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How to Optimize Sleep When You're Not in Your Own Bed

 

Suitcases with travel CPAP machines

When you head out of town, you know there's one thing you can count on: A less-than-adequate night of sleep. Whether you're staying with family or in a hotel, sleeping in a bed that's not your own might make for poor sleep. 

Thankfully, scientists have now figured out why this occurs. Take a look at the reasons for poor sleep when not in your own bed, as well as steps you can take to optimize sleep when you're away from home.

Why Is it Hard to Sleep in a Different Bed?

Researchers at the Laboratory for Cognitive and Perceptual Learning at Brown University discovered the answer to this question in 2016 when they studied the brain activity of healthy people sleeping in an unfamiliar bed and an unfamiliar place. The left hemisphere of the brain, it turns out, stays partly awake during the first night in a new environment.

By staying alert, the brain is acting as a sort of security guard. Your brain acts as a surveillance system, trying to protect you from your new environment.

Humans are not alone in this first-night wakefulness. Other species, notably dolphins and whales, also show signs of wakefulness in one hemisphere of their brains while they sleep, and many bird species do the same thing.

Optimizing Your Sleep Habits When Away From Home

At home, you probably stick to a regular routine that helps your body know when to start winding down for sleep. Traveling often disrupts that routine — and your sleep feels the disruption. 

Try to maintain as much of your routine as possible (if you’ve already been having trouble sleeping in your own bed, there are also lots of different ways to improve your sleep). Among the sleep habits that can help you avoid issues while traveling are the following:

  • Stick to your normal bedtime. It can be tempting to stay out late when you're out of town, but going to bed at your typical time can help you get better rest. Maintaining bad sleeping habits can also be what causes sleeplessness
  • Plan ahead to minimize jet lag. The combination of jet lag and sleeping in a bed that's not your own can destroy your attempts to get healthy sleep while traveling. Consider Harvard Medical School's method for beating jet lag: Using fasting before you fly and eating a good breakfast your first morning in the new time zone to reset your circadian rhythm.
  • Put down your phone. Watching a screen of any size during the hour or so before bedtime can wreak havoc with your sleep. Recharge your phone away from your nightstand to minimize temptation and shut off your computer and TV well before bedtime.
  • Avoid caffeine and alcohol. Both these stimulants can mess with your ability to get a good night's sleep, so avoid them when adjusting to a new sleep environment.
  • Avoid naps. That afternoon nap that gives you a boost of energy at the end of the workday can make it harder to get to sleep at bedtime.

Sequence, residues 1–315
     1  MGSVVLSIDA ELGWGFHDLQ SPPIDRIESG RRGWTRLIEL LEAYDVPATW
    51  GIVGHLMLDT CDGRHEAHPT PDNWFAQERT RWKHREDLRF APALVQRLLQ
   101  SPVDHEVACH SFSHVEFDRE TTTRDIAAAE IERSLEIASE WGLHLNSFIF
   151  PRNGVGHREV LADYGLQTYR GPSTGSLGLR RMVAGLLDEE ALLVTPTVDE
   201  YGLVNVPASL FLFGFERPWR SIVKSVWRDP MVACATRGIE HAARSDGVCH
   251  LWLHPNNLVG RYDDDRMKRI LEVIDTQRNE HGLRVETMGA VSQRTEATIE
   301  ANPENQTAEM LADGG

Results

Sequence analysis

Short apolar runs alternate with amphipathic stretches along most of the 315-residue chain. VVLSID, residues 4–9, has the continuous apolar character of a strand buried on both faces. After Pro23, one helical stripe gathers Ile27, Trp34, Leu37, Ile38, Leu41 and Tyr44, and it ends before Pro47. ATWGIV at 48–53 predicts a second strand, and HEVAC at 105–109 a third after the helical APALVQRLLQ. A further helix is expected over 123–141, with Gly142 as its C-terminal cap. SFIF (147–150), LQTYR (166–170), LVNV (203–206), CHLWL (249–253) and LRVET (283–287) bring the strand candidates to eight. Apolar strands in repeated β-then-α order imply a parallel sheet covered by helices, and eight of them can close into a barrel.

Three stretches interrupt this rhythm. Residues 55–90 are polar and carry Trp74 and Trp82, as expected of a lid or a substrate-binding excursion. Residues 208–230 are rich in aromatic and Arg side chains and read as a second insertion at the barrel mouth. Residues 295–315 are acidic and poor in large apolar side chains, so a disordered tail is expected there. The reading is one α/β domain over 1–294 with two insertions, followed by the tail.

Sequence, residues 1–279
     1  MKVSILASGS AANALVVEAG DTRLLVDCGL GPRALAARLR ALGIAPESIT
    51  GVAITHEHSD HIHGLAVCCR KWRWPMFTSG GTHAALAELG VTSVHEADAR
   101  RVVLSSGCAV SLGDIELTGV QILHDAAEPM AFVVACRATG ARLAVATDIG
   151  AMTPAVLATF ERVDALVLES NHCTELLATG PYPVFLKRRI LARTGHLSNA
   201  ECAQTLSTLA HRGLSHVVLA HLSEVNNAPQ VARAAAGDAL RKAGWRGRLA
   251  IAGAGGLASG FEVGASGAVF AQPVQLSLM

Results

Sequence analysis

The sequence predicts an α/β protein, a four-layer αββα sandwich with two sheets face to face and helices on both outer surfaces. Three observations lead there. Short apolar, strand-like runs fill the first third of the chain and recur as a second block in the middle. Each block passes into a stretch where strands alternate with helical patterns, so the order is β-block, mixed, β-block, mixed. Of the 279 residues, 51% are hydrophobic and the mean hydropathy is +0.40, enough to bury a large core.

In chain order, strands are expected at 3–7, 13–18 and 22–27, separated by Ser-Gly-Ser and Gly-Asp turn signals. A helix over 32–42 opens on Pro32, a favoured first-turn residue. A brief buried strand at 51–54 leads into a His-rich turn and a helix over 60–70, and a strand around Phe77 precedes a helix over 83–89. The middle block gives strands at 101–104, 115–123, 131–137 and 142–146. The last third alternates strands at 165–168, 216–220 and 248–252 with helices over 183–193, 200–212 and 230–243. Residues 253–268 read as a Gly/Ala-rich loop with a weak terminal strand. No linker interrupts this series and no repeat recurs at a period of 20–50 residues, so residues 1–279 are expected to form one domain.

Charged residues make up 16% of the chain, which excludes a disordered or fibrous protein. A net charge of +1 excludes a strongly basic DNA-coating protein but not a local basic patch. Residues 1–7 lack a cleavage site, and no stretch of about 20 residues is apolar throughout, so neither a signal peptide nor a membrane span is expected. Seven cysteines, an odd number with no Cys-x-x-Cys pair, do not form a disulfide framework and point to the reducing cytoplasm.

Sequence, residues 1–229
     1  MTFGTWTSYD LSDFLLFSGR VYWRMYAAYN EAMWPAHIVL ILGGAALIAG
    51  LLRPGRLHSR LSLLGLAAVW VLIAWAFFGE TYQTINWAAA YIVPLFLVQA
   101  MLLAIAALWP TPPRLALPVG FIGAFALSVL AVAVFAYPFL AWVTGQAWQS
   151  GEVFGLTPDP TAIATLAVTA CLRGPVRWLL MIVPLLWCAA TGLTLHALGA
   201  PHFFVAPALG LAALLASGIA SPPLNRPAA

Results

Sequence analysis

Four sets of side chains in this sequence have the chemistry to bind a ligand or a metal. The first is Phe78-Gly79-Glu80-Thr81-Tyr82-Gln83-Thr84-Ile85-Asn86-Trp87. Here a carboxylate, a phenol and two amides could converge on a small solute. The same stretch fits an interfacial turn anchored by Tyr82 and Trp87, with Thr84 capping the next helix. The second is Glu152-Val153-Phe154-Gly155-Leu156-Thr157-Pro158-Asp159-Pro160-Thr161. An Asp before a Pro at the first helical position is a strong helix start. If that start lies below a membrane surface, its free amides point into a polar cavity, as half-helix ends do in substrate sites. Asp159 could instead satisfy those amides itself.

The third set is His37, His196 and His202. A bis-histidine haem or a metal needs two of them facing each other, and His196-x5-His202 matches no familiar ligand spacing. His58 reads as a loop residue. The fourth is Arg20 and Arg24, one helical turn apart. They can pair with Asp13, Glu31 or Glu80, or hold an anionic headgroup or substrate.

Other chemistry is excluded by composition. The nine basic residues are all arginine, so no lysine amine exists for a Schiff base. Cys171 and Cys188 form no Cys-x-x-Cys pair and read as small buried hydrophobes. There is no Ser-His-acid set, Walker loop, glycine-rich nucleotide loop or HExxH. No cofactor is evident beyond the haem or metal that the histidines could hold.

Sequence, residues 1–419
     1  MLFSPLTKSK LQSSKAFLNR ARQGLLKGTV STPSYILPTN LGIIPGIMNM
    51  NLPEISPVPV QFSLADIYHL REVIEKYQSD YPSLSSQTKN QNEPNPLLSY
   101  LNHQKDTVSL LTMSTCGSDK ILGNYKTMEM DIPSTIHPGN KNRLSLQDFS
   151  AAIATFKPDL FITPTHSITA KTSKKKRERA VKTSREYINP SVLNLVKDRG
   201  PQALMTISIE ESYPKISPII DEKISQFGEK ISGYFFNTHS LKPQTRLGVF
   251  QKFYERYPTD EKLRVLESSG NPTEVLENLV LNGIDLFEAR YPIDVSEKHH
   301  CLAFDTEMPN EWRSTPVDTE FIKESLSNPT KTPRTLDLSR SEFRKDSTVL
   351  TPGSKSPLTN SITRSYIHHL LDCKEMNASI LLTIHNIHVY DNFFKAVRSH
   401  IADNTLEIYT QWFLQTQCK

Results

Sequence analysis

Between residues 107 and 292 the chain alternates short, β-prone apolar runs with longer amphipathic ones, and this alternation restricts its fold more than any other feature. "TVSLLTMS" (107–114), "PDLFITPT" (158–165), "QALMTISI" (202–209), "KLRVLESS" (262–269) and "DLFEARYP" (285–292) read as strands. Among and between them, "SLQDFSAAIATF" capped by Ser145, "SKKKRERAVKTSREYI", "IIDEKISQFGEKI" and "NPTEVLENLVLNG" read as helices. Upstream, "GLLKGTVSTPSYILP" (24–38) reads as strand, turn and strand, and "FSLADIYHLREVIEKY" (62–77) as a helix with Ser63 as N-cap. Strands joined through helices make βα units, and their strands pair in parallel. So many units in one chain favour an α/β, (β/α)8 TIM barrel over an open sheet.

• Don't work on the bed. At home, you probably already practice good sleep hygiene. On the road, however, it can be tempting to prop up the pillows and spread your work out on the bed. Use the hotel desk instead, or go down to the lobby to get work done so your brain continues to associate your bed with sleep.

Optimizing Your Sleep Environment When Away From Home

At home, it's easy to arrange your sleep environment just the way you want. But when you're traveling, you have to work a bit harder. Try these techniques to make your bed-away-from-bed comfortable enough to let you sleep well.

  • Ask your hotel about options. Some hotels offer pillow menus so you can get just the right kind to help you sleep comfortably. In addition, many hotel chains offer beds so comfortable that you can actually buy the mattresses to use at home. When you find one you like, stick with that hotel chain.
  • Take your own pillow. If you're on a road trip, taking your pillow with you may help your mind relax when it's time for bed.
  • Set the temperature to your liking. Most people sleep better in cooler temperatures of around 65° F. Set the hotel temperature to match what you use at home, or what's most comfortable.
  • Block out noise. Start by asking for a room that's nowhere near the elevator or ice machine. Make sure you have earplugs in your travel kit, and if you have room, bring along a white noise machine to drown out all those unfamiliar sounds.
  • Block out light. Most hotels make this easy by providing blackout curtains — but tuck an eyeshade into your toiletries kit just in case.
  • Try aromatherapy. If you sleep with a certain scent perfuming your room at home, bring it along when traveling for the aroma of familiarity.
  • Say yes to turndown service. If your hotel offers this service, which consists of housekeeping coming in to get the bed ready for sleep (sometimes with a chocolate on the pillow), accept the offer. Climbing into a bed that's freshly made and welcoming starts your good night's sleep well.

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